Exquisite Roman treasure gives up its secrets
[image: The leopard cup.]
The leopard cup. 11.5cm (4.5 inches) tall.
[image: Detail of the leopard handle]
Detail of the leopard handle, showing its finely worked features and silver spots.
[image: Leopard cup being placed in the Scanning Electron Microscope.]
Leopard cup being placed in the Scanning Electron Microscope.
[image: X-rays of the cup.]
X-rays of the cup.
[image: Microphoto of the leopard's face.]
Microphoto of the leopard's face.
Discovered in 2003, this exquisite Roman vessel has been the subject of detailed study at Amgueddfa Cymru - National Museum Wales.
The bronze cup is one of the finest Roman vessels to have been found in Wales. It was discovered near Abergavenny (Monmouthshire). It was reported to the Portable Antiquities Scheme, enabling the finds spot to be investigated.
Excavation of the site revealed that the cup had been placed upside down in a small pit containing a cremation. This cremation was part of a cemetery beside a Roman Road some distance from the mid 1st to early 2nd century fort at Abergavenny (Roman Gobannium). There is also a growing amount of evidence for a civilian settlement dating from the 2nd to 4th centuries in the neighbourhood of this cemetery.
The cup displays craftsmanship of a high standard and it was almost certainly manufactured in Italy during the 1st century AD. Very similar cups have been found at the doomed city of Pompeii, which was destroyed after the eruption of Vesuvius in AD79.
X-rays of the cup revealed that it was first cast in a mould using leaded bronze. Lead was added to help the molten bronze (principally copper and tin) flow more easily and improve the quality of the casting. Once this casting had been made the vessel was turned on a lathe with the use of a sharp cutting tool to produce its final shape.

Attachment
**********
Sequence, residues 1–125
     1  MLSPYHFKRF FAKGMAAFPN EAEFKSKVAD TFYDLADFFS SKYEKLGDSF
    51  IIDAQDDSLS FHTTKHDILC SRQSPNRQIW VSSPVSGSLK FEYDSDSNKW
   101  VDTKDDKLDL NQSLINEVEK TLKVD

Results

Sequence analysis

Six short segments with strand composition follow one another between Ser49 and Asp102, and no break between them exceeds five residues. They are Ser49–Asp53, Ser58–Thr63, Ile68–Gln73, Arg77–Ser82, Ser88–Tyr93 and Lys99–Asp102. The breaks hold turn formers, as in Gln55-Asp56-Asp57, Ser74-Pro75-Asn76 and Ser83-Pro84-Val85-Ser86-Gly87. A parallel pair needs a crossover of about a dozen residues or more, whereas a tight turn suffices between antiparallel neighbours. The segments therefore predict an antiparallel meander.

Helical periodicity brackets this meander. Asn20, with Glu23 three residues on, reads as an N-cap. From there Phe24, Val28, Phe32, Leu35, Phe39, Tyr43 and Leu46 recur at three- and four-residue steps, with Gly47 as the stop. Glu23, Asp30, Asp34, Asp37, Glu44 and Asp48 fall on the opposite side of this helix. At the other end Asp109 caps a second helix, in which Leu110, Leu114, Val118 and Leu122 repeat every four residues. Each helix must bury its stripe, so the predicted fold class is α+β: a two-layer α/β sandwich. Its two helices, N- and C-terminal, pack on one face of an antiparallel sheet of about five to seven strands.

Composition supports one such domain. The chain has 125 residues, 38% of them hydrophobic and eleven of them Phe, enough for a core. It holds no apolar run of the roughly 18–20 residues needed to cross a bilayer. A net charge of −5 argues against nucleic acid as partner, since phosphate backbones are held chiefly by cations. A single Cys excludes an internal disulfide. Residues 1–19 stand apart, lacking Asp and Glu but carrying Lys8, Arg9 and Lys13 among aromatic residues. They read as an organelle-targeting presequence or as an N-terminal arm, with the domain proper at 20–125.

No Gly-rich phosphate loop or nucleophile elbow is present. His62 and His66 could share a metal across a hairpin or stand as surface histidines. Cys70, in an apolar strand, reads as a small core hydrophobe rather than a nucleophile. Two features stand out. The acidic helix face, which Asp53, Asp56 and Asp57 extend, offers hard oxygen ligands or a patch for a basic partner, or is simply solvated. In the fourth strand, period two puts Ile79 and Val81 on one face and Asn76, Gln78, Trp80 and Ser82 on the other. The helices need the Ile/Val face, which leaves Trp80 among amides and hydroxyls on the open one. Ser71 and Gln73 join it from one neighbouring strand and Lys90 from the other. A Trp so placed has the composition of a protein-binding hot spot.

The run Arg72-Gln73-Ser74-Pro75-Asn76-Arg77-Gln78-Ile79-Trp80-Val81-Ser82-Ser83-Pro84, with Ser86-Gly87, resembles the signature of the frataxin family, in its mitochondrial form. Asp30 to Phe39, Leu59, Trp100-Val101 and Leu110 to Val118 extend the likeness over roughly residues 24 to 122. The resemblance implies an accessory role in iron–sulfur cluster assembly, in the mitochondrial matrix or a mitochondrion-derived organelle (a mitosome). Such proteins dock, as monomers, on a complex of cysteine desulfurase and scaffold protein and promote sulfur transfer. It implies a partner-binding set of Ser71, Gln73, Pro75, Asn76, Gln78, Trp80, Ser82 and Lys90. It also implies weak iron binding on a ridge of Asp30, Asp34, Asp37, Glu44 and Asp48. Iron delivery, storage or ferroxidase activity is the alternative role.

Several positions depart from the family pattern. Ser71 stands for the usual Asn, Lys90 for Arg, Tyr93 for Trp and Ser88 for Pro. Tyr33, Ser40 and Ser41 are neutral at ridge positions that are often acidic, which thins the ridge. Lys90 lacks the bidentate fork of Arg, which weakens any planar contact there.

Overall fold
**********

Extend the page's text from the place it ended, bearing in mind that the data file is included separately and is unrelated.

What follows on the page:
The cup's decorative handle depicts a leopard which, in Roman mythology, appears as the draught-beast and companion of Bacchus, the god of wine. His worship involved feasting, drinking, music and dancing. Leopards, captured in both Africa and Asia, were also popular with the Romans for display and fighting in the amphitheatre arena.
The leopard handle was made separately using 'lost wax' casting. The first process was to make a wax model of the leopard. A clay mould was formed around the model and then heated to run off the wax. Leaded bronze was poured in to fill the space left by the wax and, after cooling, the mould was broken to remove the bronze handle.
Further work was undertaken on the finished casting: for example the tail and canine teeth, originally cast thicker, were cut away to form finer features. The spots were also chiselled out from the body after casting and inlaid with silver. The leopard was then attached to the cup using solder. The leopard's eyes, measuring about a millimetre in diameter, were also inlaid. Analysis of the remaining traces of inlay indicate that the eyes may have been of amber.
It is unknown whether the cup belonged to a member of the Roman army, or a native Briton from the nearby civilian settlement. Whichever is the case, this 1st century cup was a costly import and probably belonged to someone of status, who cherished it sufficiently to want it buried with them on their death.
Things Fall Apart: museum conservation in practice. National Museum Wales Books, 2006
Article Date: 9 September 2007
A public building of the Classical period (being particularly associated with ancient Rome) which was used for spectator sports, games and displays.